George Salter & Co. ,
West Bromwich ,
Four years after the introduction of the Salter, the small Salter company introduced a new model: the Salter 6. With this machine, Salter dropped the curved keyboard in favor of a straight keyboard.
The Salter 6 did have two impressive pillars that carried the cover over the typebars, giving the machine an almost architectural appearance. The Salter 6 remained in production for a full six years, until the Salter 7 was introduced in 1907.
The Salter 6 shown in these pictures is the only known remaining sample of the original Salter 6. It is not known how many of these were made. The serial number of this Salter 6 is close to that of the last known Salter 5 that still exists. The machine differs in many respects from the Improved Salter 6 that appeared soon after this model.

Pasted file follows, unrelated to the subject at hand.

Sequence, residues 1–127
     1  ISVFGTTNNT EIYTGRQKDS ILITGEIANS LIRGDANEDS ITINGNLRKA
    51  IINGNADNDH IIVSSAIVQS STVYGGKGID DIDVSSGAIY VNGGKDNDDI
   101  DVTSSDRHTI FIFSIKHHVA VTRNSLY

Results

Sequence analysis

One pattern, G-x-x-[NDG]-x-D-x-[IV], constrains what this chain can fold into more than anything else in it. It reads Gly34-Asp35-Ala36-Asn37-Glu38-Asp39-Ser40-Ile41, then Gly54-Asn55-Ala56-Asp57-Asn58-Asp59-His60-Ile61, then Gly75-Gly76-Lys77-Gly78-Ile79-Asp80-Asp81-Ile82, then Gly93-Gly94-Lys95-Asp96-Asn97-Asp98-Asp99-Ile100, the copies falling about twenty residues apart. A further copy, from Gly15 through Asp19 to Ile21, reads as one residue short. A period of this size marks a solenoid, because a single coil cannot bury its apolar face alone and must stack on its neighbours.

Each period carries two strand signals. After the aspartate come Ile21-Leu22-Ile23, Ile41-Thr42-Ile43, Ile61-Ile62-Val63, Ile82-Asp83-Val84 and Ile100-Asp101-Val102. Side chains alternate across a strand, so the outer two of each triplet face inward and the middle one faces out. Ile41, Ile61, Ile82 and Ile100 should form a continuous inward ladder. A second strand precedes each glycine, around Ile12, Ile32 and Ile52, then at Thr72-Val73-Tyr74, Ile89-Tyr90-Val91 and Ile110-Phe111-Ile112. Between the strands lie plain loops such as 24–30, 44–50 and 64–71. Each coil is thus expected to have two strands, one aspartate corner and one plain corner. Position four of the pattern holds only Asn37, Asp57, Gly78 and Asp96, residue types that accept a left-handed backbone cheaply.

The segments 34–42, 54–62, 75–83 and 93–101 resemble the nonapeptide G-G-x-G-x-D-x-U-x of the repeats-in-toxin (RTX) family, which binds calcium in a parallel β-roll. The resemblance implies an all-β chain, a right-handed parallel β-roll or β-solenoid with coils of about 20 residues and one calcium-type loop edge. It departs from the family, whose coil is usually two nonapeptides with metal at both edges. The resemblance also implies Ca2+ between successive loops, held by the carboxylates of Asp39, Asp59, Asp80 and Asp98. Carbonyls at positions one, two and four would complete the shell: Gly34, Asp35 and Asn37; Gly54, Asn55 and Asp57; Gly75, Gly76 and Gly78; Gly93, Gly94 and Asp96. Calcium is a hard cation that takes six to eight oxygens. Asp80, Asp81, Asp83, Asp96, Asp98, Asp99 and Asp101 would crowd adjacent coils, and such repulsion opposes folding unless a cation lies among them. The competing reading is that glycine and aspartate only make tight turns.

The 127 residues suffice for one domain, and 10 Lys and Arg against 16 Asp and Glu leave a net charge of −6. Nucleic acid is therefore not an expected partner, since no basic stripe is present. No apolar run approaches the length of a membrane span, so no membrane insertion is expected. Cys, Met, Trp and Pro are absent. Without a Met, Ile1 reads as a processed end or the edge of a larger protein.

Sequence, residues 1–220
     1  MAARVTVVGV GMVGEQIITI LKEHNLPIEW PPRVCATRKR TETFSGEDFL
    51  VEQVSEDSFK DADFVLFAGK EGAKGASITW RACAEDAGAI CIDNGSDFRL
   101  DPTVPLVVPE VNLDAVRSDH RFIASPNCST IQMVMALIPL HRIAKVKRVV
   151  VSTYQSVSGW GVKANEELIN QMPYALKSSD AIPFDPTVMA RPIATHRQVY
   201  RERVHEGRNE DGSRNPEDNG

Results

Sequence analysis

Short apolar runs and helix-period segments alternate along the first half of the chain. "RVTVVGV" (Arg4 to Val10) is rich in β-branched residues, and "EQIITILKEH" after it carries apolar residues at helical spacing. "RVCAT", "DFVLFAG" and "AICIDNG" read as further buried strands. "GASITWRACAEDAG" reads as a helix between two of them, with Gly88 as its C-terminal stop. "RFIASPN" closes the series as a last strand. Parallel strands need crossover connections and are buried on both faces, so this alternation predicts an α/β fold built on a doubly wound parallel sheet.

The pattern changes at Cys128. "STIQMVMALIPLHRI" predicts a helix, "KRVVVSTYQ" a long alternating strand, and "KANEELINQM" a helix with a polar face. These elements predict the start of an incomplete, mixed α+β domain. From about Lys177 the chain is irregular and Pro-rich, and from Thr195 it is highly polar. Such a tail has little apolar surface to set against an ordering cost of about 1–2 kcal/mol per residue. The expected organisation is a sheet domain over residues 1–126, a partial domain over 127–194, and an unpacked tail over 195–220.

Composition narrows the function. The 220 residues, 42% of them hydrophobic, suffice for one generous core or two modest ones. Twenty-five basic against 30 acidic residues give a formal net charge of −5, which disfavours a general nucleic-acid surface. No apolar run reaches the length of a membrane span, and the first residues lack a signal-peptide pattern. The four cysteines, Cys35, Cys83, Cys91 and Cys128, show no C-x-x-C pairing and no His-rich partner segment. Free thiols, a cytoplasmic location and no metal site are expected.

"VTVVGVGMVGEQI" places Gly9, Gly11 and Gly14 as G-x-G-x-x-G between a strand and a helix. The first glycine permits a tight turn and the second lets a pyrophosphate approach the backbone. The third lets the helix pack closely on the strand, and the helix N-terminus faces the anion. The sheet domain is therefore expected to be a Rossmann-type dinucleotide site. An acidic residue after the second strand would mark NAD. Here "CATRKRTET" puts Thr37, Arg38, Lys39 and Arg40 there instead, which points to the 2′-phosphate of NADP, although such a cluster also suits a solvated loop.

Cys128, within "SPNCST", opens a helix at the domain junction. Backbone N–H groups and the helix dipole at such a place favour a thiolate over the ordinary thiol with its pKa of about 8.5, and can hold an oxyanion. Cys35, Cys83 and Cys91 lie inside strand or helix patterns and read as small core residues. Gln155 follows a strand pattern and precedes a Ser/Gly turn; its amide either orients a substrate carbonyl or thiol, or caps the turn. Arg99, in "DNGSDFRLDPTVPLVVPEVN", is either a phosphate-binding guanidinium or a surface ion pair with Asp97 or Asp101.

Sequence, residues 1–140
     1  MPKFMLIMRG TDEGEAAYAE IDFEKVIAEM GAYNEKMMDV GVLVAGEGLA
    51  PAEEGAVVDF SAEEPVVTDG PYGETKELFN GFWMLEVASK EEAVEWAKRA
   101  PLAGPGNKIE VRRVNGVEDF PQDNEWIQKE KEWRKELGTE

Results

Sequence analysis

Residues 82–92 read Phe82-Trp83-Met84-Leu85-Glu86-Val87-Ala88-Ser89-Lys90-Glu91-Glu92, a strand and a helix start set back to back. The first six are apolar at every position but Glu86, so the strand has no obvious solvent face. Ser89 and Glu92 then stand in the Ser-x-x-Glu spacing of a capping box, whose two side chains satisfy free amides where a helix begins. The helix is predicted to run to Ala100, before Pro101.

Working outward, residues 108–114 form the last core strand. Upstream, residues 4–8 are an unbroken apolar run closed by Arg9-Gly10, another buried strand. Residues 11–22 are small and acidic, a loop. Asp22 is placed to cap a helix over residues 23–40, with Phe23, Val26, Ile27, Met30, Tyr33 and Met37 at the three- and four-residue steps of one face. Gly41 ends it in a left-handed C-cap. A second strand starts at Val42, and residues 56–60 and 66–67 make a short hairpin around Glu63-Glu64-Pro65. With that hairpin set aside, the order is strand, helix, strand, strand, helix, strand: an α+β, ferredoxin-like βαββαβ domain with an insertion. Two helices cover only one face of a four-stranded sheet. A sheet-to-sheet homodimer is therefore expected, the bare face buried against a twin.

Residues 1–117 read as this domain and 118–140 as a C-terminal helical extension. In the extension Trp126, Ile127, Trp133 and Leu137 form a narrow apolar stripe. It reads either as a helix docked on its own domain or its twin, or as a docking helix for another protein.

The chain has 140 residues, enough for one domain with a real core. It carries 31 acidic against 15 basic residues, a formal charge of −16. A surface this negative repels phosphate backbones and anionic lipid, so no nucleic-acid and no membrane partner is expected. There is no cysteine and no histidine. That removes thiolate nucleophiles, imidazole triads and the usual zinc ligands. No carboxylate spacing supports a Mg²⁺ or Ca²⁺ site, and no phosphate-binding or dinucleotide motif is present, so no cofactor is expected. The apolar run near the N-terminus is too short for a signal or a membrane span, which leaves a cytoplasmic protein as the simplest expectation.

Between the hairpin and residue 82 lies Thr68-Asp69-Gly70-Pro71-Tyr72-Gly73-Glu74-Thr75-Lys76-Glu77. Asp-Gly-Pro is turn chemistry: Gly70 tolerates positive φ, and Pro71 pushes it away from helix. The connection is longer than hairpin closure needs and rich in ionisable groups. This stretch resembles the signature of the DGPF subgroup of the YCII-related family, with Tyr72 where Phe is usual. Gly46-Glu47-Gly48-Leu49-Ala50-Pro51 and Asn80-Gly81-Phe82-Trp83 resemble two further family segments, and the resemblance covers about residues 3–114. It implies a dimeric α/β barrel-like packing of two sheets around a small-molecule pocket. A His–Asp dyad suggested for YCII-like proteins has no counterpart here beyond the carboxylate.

Some obvious differences:
- The name on the front of the early Salter 6 is "Salter's Standard". The later machine says "Salter Standard"
- Decorations on this machine are similar to those found on the Salter 5. (Please note that the decorations on the top of the machine are not original, but an approximation of the original.)
- The lower edge of the frame is straight on all sides and the machine has relatively high plated feet. The Improved Salter 6 had a curved frame edge.
- The early Salter 6 does not have a rod and handle to roll back the ribbon, as found on the improved model.
- The carriage structure was changed radically on the improved model.
Courtesy of: Robert collection